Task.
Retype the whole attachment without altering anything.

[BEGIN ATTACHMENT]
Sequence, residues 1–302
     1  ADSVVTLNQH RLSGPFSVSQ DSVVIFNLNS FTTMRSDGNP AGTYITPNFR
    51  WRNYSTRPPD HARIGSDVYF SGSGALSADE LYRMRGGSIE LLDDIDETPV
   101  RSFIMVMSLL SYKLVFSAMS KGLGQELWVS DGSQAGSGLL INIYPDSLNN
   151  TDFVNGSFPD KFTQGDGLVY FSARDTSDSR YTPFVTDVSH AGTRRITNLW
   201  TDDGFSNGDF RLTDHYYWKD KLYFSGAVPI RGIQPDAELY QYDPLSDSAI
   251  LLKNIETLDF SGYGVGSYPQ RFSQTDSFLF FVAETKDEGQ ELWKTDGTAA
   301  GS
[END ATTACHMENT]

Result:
Sequence, residues 1–302
     1  ADSVVTLNQH RLSGPFSVSQ DSVVIFNLNS FTTMRSDGNP AGTYITPNFR
    51  WRNYSTRPPD HARIGSDVYF SGSGALSADE LYRMRGGSIE LLDDIDETPV
   101  RSFIMVMSLL SYKLVFSAMS KGLGQELWVS DGSQAGSGLL INIYPDSLNN
   151  TDFVNGSFPD KFTQGDGLVY FSARDTSDSR YTPFVTDVSH AGTRRITNLW
   201  TDDGFSNGDF RLTDHYYWKD KLYFSGAVPI RGIQPDAELY QYDPLSDSAI
   251  LLKNIETLDF SGYGVGSYPQ RFSQTDSFLF FVAETKDEGQ ELWKTDGTAA
   301  GS